Consider a Swift module that has adopted @UIApplicationMain or @NSApplicationMain. This must be done outside of a main.swift file, so we only have to consider library-style code. Further, the type declaration these attributes are attached to must:

  • Be a class
  • Be unique wrt further declarations annotated with any of the entrypoint attributes, including @main.
  • Conform to the corresponding application delegate protocol (which also requires it be a subclass of NSObject)

What does this all get us? It means existing code has to look something like this:

class MyDelegate: NSObject, UIApplicationDelegate { }

What can you change here? The base class could certainly be different (I often refine NSResponder instead myself), you can mark the class @objc, or final, or give it access control modifiers, or make it an actor instead.

All of these do not affect inheritance of the entrypoint. Notably, you cannot

  • Remove the application delegate protocol conformance
  • Change the class to a value type instead

Are there backwards deployment problems? Also no since the main entrypoint is emitted into client code - just like the synthetic entrypoints created for the framework-specific attributes.

Again, perhaps I'm missing something, but I would expect a counterexample here to be pretty gnarly. For example, one could go out of their way to declare a static func main() {} in their app delegate that, upon migration, would get automatically called instead of the main provided by an application delegate conformance:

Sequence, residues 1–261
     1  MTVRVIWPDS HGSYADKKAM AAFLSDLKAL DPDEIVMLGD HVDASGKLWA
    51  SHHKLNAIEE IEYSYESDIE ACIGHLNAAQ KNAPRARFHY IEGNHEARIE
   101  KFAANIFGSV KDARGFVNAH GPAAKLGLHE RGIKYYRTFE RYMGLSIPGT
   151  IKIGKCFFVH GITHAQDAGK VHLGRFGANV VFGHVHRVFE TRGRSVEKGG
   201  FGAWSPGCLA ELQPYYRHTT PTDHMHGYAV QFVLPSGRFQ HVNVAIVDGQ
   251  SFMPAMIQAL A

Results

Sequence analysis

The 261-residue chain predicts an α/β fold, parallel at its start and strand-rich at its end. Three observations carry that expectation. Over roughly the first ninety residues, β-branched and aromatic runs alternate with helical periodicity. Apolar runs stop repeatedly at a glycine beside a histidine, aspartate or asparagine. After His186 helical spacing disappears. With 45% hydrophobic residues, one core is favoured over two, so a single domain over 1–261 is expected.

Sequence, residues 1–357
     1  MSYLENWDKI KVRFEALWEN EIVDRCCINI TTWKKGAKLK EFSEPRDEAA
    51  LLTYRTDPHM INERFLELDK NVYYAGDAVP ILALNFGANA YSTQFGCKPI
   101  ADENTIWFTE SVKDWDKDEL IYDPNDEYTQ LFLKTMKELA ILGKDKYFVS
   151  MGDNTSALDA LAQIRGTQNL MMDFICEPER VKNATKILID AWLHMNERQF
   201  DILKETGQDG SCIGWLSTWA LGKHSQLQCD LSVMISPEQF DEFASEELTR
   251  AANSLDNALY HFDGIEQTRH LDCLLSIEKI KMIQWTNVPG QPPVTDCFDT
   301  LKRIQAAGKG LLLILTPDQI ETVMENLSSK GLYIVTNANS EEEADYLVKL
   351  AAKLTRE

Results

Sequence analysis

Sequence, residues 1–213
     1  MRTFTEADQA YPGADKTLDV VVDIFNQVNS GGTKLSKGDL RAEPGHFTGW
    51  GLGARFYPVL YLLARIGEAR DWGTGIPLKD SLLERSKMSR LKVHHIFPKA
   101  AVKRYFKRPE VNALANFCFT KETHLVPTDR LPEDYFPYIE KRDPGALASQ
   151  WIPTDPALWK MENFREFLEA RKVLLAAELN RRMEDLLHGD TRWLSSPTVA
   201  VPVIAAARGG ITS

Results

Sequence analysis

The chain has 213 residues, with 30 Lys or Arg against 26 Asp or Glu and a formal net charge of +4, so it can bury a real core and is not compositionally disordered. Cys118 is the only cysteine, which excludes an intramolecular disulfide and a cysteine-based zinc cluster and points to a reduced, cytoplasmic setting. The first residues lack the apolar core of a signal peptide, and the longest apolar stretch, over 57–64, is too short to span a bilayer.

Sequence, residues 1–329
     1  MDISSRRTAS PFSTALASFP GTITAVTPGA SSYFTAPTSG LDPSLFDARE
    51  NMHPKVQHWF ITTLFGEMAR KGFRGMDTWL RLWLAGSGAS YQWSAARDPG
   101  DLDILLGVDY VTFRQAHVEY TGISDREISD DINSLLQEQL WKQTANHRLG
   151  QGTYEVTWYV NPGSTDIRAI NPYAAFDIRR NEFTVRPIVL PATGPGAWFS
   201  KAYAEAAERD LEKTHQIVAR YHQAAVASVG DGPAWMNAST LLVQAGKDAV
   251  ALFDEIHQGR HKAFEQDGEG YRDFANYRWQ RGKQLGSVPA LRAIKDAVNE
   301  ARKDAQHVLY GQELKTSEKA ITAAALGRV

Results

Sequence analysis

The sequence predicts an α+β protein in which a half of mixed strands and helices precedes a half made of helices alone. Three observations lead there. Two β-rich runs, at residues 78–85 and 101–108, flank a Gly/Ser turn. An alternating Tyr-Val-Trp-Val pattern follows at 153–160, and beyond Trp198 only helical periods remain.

@main // was @UIApplicationMain
actor AppDelegate: NSObject, NSApplicationDelegate {
  static func main() {

They'd need to change the name of this function in addition to adopting the @main attribute to avoid the code exploding. This example would crash on launch, and a less contrived example wouldn't call UIApplicationMain or NSApplicationMain to set anything up, so I think the authors of such an implementation would catch it pretty quickly.



An obviously correct step towards language simplification and platform independence.

Would there be a way to detect and warn about the edge case of a shadow main()?

I realize it would not be common but from a developer's perspective this could be a mysterious and difficult to diagnose issue:

A developer follows what seems like a simple fix-it: the compiler suggests the change @UIApplicationMain to @main. They possibly make this change in the process of correcting the various warnings that appear in a project with a new version of Swift and this change does not stand out as something that could have major consequences.

Then they recompile and run. Their app stops launching since their main() doesn't call UIApplicationMain(). The behavior appears like a crash on launch - the UI shows up briefly and disappears. Of course there is no crash, the app just exits, but that would be confusing as well.

If the developer isn't familiar with @main and exactly how it works it wouldn't be very clear at all what the problem is.

I think it would be useful for that edge case to be detected and display a warning. Or, at least, this edge case and how to fix it should be noted in the release notes.


SE-0383 has been accepted.